4. So you dodged a bullet, flood, falling tree, gale and honey trap. But the mini skirt memory got you…

    Did I ever tell you about my biology teacher at school in 1972….

  5. Complete admiration! The current weather conditions must be challenging, hope it improves soon

  6. a6bi2i

    My thoughts are with you in this horrendous weather (reminds my of my flooded VF). I remember you in my morning list for “the safety and wellbeing of all pilgrims.” Sorry I have no witty comments.

  7. a6bi2i

    Sorry Tim, this weird name is Mary Kirk

    • Hello Mary. Thanks and I know it’s you. The weather is improving now mercifully. I hardly had a drop of rain on the VF

  8. Well done Arthur for almost scoring a try! Watch out for those branches…..you don’t seem to be having much luck with them on this trip. The wind and rain has been dreadful these past few days, not great walking conditions. You are doing really well.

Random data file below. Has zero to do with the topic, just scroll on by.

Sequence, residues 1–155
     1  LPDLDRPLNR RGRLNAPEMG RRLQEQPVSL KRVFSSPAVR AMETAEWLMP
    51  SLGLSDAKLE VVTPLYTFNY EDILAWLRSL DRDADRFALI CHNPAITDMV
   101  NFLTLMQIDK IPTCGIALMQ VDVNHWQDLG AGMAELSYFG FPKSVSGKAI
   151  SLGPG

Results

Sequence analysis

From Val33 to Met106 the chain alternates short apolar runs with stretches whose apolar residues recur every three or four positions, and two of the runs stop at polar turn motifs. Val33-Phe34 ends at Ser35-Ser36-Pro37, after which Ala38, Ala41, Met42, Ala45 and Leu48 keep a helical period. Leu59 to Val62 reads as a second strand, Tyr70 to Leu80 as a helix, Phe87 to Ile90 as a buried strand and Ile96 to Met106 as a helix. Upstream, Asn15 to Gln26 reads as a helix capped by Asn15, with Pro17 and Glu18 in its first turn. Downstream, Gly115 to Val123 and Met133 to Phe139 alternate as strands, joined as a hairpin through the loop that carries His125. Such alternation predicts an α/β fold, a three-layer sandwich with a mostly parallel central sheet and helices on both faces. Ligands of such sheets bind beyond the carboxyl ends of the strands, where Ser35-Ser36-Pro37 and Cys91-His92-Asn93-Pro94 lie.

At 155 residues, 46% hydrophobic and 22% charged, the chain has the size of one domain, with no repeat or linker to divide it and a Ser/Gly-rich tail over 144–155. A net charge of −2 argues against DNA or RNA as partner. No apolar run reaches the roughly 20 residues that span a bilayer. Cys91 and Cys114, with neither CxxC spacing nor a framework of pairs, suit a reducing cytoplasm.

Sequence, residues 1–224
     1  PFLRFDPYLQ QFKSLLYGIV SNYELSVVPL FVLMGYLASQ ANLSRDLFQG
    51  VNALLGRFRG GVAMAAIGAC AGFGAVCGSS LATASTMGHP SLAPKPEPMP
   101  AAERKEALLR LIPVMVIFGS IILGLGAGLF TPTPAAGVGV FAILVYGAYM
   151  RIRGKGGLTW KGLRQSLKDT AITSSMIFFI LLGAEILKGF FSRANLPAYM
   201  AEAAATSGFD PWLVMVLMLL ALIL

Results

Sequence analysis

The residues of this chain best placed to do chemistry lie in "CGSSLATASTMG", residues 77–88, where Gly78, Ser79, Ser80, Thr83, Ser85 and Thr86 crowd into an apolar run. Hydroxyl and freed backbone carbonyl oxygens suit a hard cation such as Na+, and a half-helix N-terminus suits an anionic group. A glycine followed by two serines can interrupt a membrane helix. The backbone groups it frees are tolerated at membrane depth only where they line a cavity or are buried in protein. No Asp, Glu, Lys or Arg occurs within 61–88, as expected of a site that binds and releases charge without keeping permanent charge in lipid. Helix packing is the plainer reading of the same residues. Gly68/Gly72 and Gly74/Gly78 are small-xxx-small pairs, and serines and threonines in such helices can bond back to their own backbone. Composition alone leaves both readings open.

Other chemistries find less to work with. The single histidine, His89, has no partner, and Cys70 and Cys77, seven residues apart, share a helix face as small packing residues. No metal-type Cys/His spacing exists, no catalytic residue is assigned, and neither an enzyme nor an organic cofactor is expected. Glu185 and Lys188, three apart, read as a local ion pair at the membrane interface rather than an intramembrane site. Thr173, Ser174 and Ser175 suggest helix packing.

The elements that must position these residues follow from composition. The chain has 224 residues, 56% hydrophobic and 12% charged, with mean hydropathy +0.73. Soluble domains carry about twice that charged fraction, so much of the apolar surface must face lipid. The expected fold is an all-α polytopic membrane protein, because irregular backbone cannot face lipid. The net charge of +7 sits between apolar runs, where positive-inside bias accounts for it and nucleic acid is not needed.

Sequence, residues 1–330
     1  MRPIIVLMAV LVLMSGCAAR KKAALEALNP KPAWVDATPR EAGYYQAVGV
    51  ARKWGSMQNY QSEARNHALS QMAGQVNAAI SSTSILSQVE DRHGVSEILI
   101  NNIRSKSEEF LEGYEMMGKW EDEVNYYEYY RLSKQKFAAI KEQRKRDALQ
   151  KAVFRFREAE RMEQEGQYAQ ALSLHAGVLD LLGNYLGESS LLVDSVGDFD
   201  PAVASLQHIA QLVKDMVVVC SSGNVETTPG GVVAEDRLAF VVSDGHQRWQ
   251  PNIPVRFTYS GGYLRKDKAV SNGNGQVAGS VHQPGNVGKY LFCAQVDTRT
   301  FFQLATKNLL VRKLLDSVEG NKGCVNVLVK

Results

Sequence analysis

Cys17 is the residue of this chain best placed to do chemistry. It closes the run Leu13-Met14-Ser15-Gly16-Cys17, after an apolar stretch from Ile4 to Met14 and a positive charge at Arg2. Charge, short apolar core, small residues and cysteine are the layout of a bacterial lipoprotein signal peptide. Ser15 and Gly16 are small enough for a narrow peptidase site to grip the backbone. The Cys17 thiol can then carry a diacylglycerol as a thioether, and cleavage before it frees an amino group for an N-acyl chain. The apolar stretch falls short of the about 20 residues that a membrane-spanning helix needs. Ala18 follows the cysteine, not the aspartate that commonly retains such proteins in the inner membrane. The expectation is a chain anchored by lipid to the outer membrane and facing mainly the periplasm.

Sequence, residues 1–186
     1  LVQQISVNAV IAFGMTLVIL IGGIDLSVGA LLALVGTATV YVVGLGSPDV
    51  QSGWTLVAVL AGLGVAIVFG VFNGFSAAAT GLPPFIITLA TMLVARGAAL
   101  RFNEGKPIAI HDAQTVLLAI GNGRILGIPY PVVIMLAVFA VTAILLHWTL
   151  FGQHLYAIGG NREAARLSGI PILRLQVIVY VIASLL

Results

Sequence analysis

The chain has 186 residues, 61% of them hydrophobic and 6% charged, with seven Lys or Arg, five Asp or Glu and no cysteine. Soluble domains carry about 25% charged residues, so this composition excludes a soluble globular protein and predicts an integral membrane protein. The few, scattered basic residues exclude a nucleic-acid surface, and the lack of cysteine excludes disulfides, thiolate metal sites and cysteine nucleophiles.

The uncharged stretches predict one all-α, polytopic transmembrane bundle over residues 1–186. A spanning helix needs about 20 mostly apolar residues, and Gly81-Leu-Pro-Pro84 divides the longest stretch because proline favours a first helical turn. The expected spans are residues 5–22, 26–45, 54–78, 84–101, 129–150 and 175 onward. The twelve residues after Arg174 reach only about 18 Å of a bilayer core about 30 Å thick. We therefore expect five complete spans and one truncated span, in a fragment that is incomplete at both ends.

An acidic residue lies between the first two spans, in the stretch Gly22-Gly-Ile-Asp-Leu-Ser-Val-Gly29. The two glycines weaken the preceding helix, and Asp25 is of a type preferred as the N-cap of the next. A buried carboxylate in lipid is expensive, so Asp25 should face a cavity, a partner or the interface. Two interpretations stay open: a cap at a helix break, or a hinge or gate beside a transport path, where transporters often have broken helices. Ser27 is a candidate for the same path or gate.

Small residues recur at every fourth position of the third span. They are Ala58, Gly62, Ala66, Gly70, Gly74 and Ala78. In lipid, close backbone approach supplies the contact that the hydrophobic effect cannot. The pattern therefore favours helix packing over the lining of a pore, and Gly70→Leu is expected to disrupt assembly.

• Things are improving. That missed try has niggled me all through life.

  9. Jane Sherratt

    Tim, The blog is getting a bit racy for the kids! We’ve done an 8 mile walk around Newlands Corner and the weather was glorious – bit different from yesterday, so hope you have had a more uplifting day today. Happy walking, Jules, Jane, Lucy & Daniel

  10. daniel sherratt

    I hope you have a nice walk on the way to the Pennine wey

    • Thanks Daniel. I’ll tell you all about it when I get home. Tim

  11. Celia and David

    Dear Tim well done for braving storm Francis. Just seen a pic of kangaroos in the snow in Aussie land, so I guess the weather can throw anything at us now. have you ever had to abandon a days walking anywhere due to atrocious weather conditions?

    • Hi Celia & David, you’re right about the crazy weather. I can remember sheltering from a wild thunderstorm in France 2017 and being joined by other scared pilgrims and we made a picnic. I foolishly braved the typhoons in Japan. But the only walk I’ve abandoned was a few days ago in Henley in Arden. Tim x